JUSTIFICATION is the initial phase of our salvation in which because we confess Jesus as Lord and Savior, God declares us to be right with Him. The imagery behind this word is that of the courtroom: God is the judge, Satan is the prosecuting attorney, we are the defendant, while Christ is the defending attorney. Although we are guilty, because Christ paid for our sins on the cross, God now declares us "just," that is, "righteous." By this He means that we are now in a right relationship with Him BECAUSE OF WHAT CHRIST HAS DONE! (Propitiation, redemption, and regeneration also describe the initial stages of our salvation. Propitiation has behind it the idea of God's wrath which can be removed only by sacrifice. Jesus' death is the sacrifice which removes God's wrath (1 John 2:2). Redemption has behind it the idea of war and slavery. We have all been made Satan's prisoners-of-war in his struggle with Christ. Jesus pays the ransom to free the prisoners. The ransom? His shed blood. Regeneration means to be reborn. Although we have all experienced a physical birth, we must also receive a spiritual birth. When we receive Jesuas our Lord, His Spirit comes to live in us to create a new person (2 Cor. 5:17; John 3:3, 5).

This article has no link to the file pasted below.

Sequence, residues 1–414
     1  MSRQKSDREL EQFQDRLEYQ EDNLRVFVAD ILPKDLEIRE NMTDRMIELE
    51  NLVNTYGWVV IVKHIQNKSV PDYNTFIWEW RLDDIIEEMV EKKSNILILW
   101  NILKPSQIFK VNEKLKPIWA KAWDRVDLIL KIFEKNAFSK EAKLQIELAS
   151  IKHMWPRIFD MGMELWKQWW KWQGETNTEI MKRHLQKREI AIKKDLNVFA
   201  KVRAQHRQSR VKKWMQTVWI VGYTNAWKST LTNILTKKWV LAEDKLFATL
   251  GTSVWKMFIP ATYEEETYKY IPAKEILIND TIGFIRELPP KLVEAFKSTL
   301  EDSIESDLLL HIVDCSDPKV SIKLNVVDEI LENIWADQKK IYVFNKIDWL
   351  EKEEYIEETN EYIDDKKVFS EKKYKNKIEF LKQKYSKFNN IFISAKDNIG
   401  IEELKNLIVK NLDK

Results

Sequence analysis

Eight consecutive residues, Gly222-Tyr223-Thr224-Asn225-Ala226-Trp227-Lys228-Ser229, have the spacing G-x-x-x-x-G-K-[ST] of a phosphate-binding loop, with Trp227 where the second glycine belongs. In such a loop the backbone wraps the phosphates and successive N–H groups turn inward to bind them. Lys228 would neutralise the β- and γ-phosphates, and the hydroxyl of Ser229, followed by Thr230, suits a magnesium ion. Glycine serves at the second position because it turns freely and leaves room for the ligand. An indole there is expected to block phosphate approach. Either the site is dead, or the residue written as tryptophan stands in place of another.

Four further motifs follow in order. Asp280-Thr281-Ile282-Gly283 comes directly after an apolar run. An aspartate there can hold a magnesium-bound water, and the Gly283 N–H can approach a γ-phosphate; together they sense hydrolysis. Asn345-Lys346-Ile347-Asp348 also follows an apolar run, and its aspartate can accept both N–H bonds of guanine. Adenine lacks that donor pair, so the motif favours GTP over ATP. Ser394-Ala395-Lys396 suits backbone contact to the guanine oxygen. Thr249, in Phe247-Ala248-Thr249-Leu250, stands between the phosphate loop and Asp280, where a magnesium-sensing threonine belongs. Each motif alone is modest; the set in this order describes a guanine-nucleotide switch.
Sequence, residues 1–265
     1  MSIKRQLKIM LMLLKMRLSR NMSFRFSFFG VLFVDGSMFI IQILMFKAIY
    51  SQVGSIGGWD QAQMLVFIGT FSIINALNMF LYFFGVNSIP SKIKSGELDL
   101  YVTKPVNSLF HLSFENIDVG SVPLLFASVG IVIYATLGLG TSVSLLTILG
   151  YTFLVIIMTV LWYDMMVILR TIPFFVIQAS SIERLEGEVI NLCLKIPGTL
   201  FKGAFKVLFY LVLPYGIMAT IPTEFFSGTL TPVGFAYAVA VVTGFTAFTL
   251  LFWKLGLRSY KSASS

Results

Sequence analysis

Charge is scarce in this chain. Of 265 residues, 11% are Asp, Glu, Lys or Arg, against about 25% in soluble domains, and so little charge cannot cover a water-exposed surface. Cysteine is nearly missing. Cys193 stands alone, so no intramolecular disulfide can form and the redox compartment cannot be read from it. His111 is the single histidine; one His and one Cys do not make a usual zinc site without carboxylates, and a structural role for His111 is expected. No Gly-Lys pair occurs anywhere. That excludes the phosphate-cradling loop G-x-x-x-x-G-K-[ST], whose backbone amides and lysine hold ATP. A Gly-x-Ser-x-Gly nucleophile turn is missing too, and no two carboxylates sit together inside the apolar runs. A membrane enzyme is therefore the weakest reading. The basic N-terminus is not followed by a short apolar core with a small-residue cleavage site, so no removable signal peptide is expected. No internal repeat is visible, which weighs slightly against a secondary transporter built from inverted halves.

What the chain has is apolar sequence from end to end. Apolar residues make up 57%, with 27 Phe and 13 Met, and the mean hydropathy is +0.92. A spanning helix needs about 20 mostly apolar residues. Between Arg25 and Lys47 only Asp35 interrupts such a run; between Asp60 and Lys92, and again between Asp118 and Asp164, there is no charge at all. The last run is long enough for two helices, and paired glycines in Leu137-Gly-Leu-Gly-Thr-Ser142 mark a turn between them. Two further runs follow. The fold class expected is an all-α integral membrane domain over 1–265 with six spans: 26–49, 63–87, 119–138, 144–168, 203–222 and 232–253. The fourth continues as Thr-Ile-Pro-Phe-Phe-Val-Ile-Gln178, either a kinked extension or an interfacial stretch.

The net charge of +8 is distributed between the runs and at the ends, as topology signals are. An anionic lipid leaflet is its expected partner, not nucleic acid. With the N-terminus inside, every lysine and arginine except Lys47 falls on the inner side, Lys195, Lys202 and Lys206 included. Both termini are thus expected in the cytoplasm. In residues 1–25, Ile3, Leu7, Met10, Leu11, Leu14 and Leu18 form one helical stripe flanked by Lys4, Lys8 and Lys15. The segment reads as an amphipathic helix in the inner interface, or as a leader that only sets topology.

SANCTIFICATION is the event in which God sets us apart at the time of our salvation. We are set apart for Him and set apart from the world. This process continues until we either die or Christ returns. God is continually setting us apart by making us like Him, like Jesus.
GLORIFICATION is the completion of our salvation. This will occur when Jesus returns. He will radically transform our bodies so that they are just like His. He will transform us internally so that we shall have the character of Christ (1 John 3:2; Phil. 3:21).
Salvation Is Only by Grace through FAITH
According to Eph. 2:8 "For by grace you have been saved through ___________."
Every Christian denomination believes that we are saved by grace. Yet, whereas sacramentalists believe that grace is found in substances (such as the elements in the Lord's Supper and the elements in baptism), Baptists and other evangelicals believe that God's grace is received only by faith (Eph. 2:8, 9). Faith involves believing to such an extent what God has said to us about Jesus that we submit to the lordship of Jesus Christ. When we accept Jesus as Lord and Savior, His death becomes effective for us so that our sins are paid for. He now comes to live His life through us by means of His Holy Spirit. Submitting to His Lordship results in a changed lifestyle, one which resembles the lifestyle of Jesus Himself.